Turkish military vehicles have entered Idlib after militants snubbed an agreement between Turkey and Russia for the creation of a buffer zone in the northwestern Syrian province, the last major militant stronghold in the Arab country.

The 30-strong convoy of vehicles entered the province “overnight,” AFP reported Monday, describing the vehicles as those used for transporting troops.

The agreement over the buffer zone was reached during a meeting between Turkish President Recep Tayyip Erdogan and his Russian counterpart Vladimir Putin in the Black Sea resort of Sochi.

Under the deal, a demilitarized zone of 15-20 kilometers will have to be created in Idlib along the contact line between the militants and Syrian government troops by October 15.

The deal also involves the withdrawal of “radically-minded” militants, including the al-Qaeda-linked ones, from the region.

Erdogan said both Turkey and Russia would carry out coordinated military patrols on the borders of the buffer zone in a bid to detect and prevent “provocation by third parties and violations of the agreement.”

On Sunday, however, Turkish-backed militants rejected to either lay down their arms or surrender the territory under their control.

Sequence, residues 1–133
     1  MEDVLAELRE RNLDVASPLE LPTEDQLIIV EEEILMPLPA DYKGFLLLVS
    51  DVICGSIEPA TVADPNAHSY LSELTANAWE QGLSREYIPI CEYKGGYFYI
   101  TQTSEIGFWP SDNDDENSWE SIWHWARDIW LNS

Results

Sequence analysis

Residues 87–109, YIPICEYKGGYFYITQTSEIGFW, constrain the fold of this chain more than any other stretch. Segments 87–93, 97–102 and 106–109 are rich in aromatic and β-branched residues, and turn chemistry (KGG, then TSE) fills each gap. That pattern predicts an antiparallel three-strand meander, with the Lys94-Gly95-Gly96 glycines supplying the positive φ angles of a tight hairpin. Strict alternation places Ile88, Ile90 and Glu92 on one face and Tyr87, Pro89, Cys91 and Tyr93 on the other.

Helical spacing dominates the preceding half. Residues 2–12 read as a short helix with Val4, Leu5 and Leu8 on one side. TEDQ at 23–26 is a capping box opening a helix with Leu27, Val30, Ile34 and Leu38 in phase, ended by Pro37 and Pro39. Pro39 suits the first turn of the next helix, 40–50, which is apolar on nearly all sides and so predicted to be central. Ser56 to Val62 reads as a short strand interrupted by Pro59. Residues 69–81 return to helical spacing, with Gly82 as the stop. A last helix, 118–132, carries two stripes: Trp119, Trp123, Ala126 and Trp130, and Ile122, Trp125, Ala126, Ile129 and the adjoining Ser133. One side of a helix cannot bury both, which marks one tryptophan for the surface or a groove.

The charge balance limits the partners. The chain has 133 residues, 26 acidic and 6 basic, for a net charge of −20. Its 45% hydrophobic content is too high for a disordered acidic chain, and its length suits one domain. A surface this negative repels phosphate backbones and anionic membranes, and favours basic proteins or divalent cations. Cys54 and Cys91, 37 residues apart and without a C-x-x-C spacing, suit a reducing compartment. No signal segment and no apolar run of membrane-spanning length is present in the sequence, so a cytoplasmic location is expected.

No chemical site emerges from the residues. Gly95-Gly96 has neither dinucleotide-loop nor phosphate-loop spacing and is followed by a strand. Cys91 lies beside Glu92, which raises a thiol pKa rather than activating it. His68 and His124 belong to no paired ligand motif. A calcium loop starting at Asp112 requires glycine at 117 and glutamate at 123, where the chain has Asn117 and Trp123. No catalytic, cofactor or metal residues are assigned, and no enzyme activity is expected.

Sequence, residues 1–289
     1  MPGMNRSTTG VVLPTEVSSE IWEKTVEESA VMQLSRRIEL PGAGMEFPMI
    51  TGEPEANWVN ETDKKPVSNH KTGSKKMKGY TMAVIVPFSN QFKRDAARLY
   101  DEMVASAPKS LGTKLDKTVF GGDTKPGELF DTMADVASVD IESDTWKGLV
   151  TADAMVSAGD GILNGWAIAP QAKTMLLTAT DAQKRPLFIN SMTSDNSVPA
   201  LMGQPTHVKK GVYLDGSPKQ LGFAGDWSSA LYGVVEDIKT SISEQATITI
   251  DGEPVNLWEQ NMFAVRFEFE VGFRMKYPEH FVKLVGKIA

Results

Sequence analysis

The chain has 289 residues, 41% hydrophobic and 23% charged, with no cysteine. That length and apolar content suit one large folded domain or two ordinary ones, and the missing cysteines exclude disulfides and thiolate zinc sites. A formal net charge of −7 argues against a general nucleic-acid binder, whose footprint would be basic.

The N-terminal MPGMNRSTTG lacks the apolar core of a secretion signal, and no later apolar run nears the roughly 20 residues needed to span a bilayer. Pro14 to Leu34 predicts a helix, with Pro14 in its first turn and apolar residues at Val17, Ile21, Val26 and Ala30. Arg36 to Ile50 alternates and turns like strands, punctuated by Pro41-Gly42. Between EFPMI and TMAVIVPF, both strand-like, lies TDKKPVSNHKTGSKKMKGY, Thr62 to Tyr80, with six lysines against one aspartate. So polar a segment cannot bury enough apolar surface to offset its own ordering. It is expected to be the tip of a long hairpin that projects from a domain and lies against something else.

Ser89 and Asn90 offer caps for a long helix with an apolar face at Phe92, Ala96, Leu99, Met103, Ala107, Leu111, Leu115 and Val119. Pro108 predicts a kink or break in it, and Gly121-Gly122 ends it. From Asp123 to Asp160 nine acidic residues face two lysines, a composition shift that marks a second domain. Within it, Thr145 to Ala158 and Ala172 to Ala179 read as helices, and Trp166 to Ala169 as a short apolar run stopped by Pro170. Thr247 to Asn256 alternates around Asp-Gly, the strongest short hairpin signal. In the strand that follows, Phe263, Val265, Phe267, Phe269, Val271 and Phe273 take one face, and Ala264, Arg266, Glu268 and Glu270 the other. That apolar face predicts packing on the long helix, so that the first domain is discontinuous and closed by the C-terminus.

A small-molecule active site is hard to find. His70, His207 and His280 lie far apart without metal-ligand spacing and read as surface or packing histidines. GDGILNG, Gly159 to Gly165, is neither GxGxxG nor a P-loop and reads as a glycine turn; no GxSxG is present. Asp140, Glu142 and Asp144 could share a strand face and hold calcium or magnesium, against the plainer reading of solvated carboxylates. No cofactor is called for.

Turkish-backed militants say they will not lay down arms or surrender territory under their control in Syria’s Idlib, dealing a blow to a recent agreement between Turkey and Russia.



“We will not abandon our weapons, our land or our revolution” against Syrian government forces, said the so-called National Liberation Front (NLF).

Turkey, along with Iran and Russia, has been serving as a mediator in talks between the Syrian government and the opposition since 2017, negotiating on the militants’ side.

Idlib is considered to be the last theater of war in Syria. Government troops have liberated the militant-held provinces one by one with the help of Syria’s allies Iran and Russia.

The Russo-Turkish agreement has suspended a concerted Syrian army operation against the militants in the province.




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